Responsive design is not a magic formula for creating websites that work well on all devices. It is merely one of the tools that companies can use to deliver a tailored online service to users of different devices – and a much more limited tool than many would have you believe.

Approach with an open mind

Rob Curran

For many companies, responsive design presents a cost effective, versatile and intelligent method of serving the enormous range of devices that make up the mobile web. Why? Because it is simply too time consuming and expensive to design, build and maintain a bespoke site for every shape and size of web-enabled machine, from Apple smartphones, via Android tablets, to the incoming influx of internet TVs. Responsive design offers an elegant, pragmatic solution: one website that adapts to multiple devices.

However, in order to explore the specific benefits of responsive design, it’s important first to dispel two myths.

Myth 1 Responsive design merely takes all the content on your site and squeezes it onto a smaller screen, making it unwieldy to navigate

To be clear, a responsive design approach does not involve putting all of your content in front of the reader – that’s just responsive CSS (cascading style sheets). Responsive design is about putting the right content in users’ hands according to the device they are using. Menus, text, images and columns can all be shifted, changed, resized and, yes, even hidden or removed depending on the screen size. If combined with a well thought out content strategy, this makes for a genuinely usable site at any size. Take a look at The Boston Globe’s responsive site, for example – a content-rich site that is easily navigated at whichever size it is viewed, with no compromises.

Myth 2 All mobile users are ‘on the go’ and should therefore be served with a mobile site containing cut-down, at-a-glance content

Not all users of phones and tablets are out and about, and most want more than bite-sized content. Yes, a significant and growing number of people use smartphones as their only method of using the internet (22 per cent in the UK, 25 per cent in the US, 59 per cent in India, 22 per cent in China,). And numerous surveys reveal that a significant proportion of mobile users browse the web on their phones and tablets in peace, at the office, in the living room or bedroom, on the sofa, often while watching TV. But what was formerly the ‘mobile context’ is becoming increasingly difficult to define. We no longer live in a simple ‘mobile vs. desktop’ world. Just because someone visits your site on a small screen doesn’t mean they won’t want access to all the same things they would see on a slightly larger screen.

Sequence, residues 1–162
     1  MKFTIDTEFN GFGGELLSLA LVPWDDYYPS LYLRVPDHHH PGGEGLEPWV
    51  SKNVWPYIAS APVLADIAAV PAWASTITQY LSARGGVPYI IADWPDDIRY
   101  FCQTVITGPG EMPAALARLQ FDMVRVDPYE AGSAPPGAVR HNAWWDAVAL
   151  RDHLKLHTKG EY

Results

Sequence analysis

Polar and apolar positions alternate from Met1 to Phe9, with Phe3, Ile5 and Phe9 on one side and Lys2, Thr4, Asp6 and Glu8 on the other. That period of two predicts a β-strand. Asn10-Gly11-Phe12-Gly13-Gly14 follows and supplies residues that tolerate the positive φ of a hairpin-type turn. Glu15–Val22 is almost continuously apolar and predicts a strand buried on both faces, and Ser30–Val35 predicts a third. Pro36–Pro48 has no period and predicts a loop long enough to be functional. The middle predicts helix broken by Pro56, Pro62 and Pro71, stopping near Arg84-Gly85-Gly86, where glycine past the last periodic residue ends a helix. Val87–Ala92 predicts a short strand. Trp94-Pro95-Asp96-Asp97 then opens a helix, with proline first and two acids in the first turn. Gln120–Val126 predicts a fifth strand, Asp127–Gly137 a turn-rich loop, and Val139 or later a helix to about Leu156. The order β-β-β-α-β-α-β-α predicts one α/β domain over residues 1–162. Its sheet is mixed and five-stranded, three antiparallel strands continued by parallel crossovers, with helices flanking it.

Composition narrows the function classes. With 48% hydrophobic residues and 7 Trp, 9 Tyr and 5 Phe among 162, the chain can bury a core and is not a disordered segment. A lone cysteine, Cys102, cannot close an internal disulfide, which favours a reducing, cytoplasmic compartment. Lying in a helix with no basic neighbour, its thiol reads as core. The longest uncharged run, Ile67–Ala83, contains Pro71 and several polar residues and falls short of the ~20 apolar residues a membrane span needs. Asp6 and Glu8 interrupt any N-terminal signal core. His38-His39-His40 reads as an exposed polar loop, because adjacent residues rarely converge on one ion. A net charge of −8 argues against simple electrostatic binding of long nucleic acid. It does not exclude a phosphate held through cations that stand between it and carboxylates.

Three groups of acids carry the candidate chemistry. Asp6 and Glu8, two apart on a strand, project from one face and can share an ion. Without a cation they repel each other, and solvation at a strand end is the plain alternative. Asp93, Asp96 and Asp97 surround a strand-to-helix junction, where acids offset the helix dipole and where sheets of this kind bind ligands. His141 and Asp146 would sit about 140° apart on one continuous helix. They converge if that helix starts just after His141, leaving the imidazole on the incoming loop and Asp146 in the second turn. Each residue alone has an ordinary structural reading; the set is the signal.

Mobile users increasingly demand more than a stripped-down version of what webmasters think they will want to view. Users want a more intelligent solution; one that works perfectly on whichever device they are using, whether it has a 3.5-inch or 52-inch screen. Responsive design allows one site (with one URL) to be truly optimised for all screen sizes.

I don’t envy the company that spends the time and resources to create separate sites to serve perfectly the same range of devices. Responsive design is a cost-effective choice since there is only one site to create and maintain. Rather than spending lots of money on a mobile site(s) that will not suit many devices, why not spend less money giving users a great experience on all devices?

I would encourage any web manager to investigate responsive design. It certainly won’t be the right approach for everyone, but an open mind may discover distinct advantages over the alternatives.

Join the debate at the Web Effectiveness Network LinkedIn group (member access restrictions apply) or add comment through our app (see below).

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First published on 11 July, 2012